In my last writing tips article, I talked about that long slow period you might encounter at a show. This week I wanted to offer some suggestions at how to stay positive if things have gotten you down. I know, that is kind of an odd article to come from me. After all, I coined the phrase:
The glass is not only half-empty, the water is dirty.
By nature, I’m usually more of a realist, not an optimist. However, I have learned how to find the positive in things if I take the time to do so.
With that in mind, here are a few tips that may help you remain positive, be it at an event or anytime you are writing or trying to do get something done.
1. Avoid the trap of worrying about something that has not happened yet
Unless it is inevitable—like being in an out of control car sliding toward the edge of the bridge—things may not turn out as badly as you fear. Which means you don’t want to waste your time now lamenting a tragedy before it has occurred. Do not become paralyzed with fear, instead, use the time to your advantage.
With my first major show of the year coming up (Planet Comicon), I thought I would share a few tips I’ve learned with my fellow writers (aspiring or otherwise). Even if you are not a writer, you might find this useful.
When doing a show, don’t forget your mats! I have had a sit down job for a number of years and standing in one small area for 10 hours straight can leave me a bit worn out. Believe me, standing is worse than walking (or hiking 18 miles with a heavy pack).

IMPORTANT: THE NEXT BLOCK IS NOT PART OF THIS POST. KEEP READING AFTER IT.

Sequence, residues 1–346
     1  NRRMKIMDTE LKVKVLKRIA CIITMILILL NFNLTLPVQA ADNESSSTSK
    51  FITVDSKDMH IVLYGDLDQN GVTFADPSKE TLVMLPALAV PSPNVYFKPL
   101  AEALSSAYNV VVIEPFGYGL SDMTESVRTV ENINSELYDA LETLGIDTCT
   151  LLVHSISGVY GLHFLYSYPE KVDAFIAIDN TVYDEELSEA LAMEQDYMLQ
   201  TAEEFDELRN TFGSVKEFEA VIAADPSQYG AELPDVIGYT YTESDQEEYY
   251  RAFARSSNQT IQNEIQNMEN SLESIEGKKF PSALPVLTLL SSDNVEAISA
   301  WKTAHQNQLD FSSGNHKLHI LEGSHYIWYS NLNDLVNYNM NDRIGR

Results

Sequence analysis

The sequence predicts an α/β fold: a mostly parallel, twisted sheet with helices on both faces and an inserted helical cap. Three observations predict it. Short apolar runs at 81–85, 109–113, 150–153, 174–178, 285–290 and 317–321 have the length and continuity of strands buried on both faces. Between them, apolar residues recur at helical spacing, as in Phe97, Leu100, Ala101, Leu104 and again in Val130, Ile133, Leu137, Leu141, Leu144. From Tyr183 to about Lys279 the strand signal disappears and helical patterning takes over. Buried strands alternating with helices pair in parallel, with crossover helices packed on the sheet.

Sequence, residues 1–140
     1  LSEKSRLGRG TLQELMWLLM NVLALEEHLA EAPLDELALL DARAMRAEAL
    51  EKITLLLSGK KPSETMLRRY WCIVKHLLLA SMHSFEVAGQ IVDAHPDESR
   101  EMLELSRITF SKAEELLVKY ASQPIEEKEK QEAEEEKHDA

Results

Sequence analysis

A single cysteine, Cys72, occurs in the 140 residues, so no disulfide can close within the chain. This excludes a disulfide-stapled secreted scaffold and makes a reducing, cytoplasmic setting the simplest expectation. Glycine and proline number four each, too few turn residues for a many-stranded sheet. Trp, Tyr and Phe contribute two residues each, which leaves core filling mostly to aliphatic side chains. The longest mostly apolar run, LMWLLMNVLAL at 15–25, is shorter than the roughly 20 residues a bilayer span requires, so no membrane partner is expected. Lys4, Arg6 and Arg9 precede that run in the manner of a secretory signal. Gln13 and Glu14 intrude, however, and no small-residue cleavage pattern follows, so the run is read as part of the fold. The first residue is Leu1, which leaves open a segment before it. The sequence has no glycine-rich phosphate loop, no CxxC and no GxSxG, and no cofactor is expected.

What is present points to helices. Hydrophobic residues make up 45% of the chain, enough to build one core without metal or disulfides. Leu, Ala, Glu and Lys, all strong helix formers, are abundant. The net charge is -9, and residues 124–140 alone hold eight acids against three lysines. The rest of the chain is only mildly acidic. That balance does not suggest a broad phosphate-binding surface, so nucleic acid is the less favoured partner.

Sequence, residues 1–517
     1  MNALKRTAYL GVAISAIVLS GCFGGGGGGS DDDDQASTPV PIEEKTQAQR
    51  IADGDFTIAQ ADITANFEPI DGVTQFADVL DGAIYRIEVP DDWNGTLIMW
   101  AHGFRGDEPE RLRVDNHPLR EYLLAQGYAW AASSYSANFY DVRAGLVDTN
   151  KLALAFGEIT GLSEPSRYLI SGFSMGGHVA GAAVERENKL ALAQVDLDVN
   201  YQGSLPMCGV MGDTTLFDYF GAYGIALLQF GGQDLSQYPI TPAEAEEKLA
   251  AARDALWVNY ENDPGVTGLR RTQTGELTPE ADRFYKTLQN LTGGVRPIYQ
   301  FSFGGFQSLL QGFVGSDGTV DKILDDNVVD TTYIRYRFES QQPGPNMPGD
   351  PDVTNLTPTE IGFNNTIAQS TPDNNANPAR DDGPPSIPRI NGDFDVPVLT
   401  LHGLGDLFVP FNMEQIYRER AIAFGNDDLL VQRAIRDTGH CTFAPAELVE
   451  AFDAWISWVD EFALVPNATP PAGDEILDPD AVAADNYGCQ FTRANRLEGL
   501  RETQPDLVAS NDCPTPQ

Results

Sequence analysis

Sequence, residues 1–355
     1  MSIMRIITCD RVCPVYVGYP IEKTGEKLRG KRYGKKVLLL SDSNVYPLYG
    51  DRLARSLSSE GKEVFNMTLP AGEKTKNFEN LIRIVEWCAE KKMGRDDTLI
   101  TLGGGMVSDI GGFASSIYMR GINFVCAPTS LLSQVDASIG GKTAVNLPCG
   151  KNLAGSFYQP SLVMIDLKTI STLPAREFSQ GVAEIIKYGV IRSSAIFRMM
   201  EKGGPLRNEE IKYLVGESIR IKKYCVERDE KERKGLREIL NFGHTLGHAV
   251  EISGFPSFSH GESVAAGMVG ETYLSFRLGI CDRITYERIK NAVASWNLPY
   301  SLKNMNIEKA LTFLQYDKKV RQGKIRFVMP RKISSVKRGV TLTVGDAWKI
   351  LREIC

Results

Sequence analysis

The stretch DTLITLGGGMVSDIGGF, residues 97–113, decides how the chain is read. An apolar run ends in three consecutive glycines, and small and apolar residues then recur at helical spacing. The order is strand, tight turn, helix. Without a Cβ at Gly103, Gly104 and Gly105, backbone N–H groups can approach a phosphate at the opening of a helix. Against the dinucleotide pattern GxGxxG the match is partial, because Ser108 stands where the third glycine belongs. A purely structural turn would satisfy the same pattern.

At my first big show, I stood on the hard concrete the whole time and by the end of the three days, I was miserable. I went out right after that show and bought some relatively inexpensive floor mats ($25). I am not specifically endorsing Dick’s Sporting Goods, but the image above is exactly what I purchased. They are four 2′ x 2′ squares and you can configure them to cover a different amount of area depending on what space you have behind the table. While only 1/2″ thick, they do not weigh a lot or take up a great deal of room when you are bringing your things onto the floor. (For actual exercise mats, I bought a 3/4″ thick version.)
I’ve used the set for a while now and it has held up even on asphalt and rough ground. Most of the time, I configure it to cover 2′ x 6′ (or 2′ x 8′ for larger tables). However, I will likely buy another set of four so I can cover 4′ of depth both behind and under the table. While I will advocate standing most of the time, when you are actually signing a book (or taking a break) being able to scoot the chair easily under the table, and not off a drop, is nice.
A word about standing. You might ask: Why should I stand the whole time? They give me chairs for a reason.
Well, my response is that when you are standing, you will appear more approachable and engaging. It helps to be able to converse with people eye to eye and standing facilitates that. In watching other tables, and from my own experiences, tables where the person stood had more people stop than those where the person sat the whole time. And to be able to sustain standing for 3 or 4 days straight, I really recommend the mats.